General term for the period of time, usually expressed in years, during which a wine is a pleasure to drink or can be enjoyed without too much impairment of taste. The often used generalising slogan "the older the better" is wrong, because this only applies to wines with ageing potential and can only be expected for top quality wines. The beginning is the time of marketing, which in the case of simple red wine and white wine intended for quick enjoyment also means that the wine is ready to drink. For top wines, the bottle ripening is a long-term process with 5, 10, 15 years and more. At some point, the peak is reached, although this is not to be understood as "key date related", but means a longer phase. At some point it begins to "decompose" and is finally inedible or "dead" at the end of life.
The consumption trend today, however, is clearly in the direction of wines that can be enjoyed quickly (albeit with a slight downward trend). This is why mainly such young wines are produced and the shelf life has become less important as a result (it should be noted, however, that the trend is slowly reversing). In a few wine guides a prognosis of the shelf life or the probably best drinking period is given; for example by Robert Parker, as well as by the wine internet platform Wine Plus (see under re-tasting). In the case of wine, however, it is not possible to determine beyond doubt whether it is still edible at a certain age, which is why it would not be possible or useful to indicate the best-before date. This is another reason why no indication is required for beverages with an alcohol content of more than 10% by volume.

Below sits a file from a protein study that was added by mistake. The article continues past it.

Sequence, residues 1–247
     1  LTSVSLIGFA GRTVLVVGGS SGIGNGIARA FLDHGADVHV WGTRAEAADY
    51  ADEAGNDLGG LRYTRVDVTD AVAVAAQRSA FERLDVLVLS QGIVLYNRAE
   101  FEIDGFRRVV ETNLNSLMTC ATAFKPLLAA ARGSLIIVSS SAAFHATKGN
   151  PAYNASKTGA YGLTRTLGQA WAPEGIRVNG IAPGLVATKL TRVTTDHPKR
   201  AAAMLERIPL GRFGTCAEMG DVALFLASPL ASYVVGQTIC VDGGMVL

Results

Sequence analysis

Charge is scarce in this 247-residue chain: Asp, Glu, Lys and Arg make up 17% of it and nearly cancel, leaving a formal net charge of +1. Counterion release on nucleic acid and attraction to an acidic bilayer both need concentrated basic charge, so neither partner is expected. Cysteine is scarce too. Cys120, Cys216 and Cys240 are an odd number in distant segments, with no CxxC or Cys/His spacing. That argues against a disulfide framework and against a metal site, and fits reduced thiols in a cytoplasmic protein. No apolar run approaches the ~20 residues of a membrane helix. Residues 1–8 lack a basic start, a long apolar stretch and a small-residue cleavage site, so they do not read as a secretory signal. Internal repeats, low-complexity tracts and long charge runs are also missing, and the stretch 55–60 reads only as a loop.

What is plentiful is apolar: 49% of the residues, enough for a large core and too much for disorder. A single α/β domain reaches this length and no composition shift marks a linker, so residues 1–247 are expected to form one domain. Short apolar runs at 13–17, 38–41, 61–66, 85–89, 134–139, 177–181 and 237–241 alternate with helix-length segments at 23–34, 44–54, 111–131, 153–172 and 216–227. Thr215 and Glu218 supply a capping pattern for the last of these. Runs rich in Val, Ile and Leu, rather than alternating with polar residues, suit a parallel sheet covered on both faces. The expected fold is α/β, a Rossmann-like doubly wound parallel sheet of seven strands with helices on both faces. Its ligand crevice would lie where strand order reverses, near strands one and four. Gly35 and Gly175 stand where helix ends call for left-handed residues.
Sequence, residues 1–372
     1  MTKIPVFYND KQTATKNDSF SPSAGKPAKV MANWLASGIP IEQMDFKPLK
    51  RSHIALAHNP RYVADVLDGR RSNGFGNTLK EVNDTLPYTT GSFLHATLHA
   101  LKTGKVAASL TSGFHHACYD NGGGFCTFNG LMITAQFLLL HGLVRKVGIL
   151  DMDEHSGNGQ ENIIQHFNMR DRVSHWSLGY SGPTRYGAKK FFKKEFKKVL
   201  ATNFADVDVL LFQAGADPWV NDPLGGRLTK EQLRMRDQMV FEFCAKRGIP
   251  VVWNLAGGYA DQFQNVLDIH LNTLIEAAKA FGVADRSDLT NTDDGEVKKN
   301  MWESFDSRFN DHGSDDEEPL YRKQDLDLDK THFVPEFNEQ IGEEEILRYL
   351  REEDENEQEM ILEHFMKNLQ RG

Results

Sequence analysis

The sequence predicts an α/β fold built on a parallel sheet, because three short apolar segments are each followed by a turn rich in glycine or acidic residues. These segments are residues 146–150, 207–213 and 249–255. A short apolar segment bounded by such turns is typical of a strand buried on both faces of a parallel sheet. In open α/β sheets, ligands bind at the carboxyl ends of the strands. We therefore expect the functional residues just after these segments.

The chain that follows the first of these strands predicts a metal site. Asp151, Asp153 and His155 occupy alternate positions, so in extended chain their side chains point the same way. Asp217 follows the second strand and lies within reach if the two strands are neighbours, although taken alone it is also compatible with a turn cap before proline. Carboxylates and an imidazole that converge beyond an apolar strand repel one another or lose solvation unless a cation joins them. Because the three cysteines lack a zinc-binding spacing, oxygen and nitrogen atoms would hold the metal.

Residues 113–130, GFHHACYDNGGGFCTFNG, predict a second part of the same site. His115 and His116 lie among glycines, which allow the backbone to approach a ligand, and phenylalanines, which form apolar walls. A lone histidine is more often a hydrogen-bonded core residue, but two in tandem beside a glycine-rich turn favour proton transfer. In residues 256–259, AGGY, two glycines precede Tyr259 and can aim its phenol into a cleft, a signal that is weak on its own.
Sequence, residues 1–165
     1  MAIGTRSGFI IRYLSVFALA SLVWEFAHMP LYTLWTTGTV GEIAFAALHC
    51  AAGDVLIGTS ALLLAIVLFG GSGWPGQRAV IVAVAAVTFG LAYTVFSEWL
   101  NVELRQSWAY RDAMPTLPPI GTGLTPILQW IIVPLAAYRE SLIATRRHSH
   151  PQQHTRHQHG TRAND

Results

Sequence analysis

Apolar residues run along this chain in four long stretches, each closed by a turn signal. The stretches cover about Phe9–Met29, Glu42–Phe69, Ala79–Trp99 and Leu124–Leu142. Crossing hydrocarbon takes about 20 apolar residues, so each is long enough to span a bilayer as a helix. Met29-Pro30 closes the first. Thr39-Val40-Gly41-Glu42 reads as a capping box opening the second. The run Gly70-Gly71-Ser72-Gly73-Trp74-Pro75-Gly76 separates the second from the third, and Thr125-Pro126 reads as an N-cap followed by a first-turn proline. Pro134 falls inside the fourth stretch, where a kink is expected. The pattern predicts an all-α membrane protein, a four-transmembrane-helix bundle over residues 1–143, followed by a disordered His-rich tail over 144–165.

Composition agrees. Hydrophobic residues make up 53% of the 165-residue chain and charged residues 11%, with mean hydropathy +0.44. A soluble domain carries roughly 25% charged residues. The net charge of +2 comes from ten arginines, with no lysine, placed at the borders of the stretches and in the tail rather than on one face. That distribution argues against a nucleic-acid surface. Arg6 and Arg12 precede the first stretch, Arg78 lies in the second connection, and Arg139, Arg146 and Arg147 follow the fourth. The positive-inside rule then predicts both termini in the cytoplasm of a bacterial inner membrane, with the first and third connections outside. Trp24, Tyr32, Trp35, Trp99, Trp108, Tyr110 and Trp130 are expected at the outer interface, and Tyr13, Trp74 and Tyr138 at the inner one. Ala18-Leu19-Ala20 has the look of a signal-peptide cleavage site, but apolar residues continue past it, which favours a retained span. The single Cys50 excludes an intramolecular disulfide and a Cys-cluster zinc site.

The durability or longevity is an important criterion for the quality of a wine. As a rule, a high-quality wine is also more durable. A number of factors are important, although for several reasons red wines have better conditions than white wines. First of all, the vintage or the vegetation cycle plays a certain role, providing the basis or the tools, so to speak. Another criterion is the potential of the grape variety, because certain of them are particularly predestined for longevity. These include Aglianico, Baga, Chenin Blanc, Cabernet Sauvignon, Furmint, Merlot, Nebbiolo, Petit Manseng, Riesling, Sangiovese, Saperavi, Sémillon, Shiroka Melnishka, Syrah, Tannat, Tempranillo and Xinomavro. Most of them are red wine varieties with small, thick-skinned berries that are rich in tannins and extracts.
An important factor is the way the wine is made. A mash fermentation in wooden barrels, as well as barrel ageingor barrique ageing contribute to its longevity. Higher proportions of certain ingredients in a balanced ratio have a positive effect. Alcohol, acids and tannins inhibit/prevent the growth of undesirable microorganisms, sugar ensures slow fermentation and sulphur protects against oxidation. The longevity of white wines with high sugar content is proven by Trockenbeerenauslese and Eiswein. Correct storage in the wine cellar or wine climate control cabinet with optimum temperature and humidity also plays an important role. Last but not least, a tight bottle closure protects against oxygen and thus spoilage, and a dark bottle colour protects against harmful UV light and thus against wine defects.
An often asked question is whether sparkling wine (i.e. champagne or sparkling wine) is suitable for longer storage and will continue to develop like a high-quality still wine. This can be answered with "no", because as a rule it has already reached its peak from the moment it is marketed. This means that, with few exceptions, sparkling wines should be drunk as soon as possible after purchase. This is also the reason why many producers state the date (year) of the dégorgement on the label (see also Récemment dégorgé). Some producers also produce storable products such as jugs.
Even more than with still wine, proper storage is important for sparkling wine. The optimum is a constant temperature of 10 to 15 °Celsius, sufficient humidity and darkness (see also Wine Cellar). With spirits there is hardly any change or no qualitative development in the bottle. Only the maturing time before bottling is decisive for the quality. In contrast to sparkling wine, however, spirits can be stored for many years (decades) without loss of quality.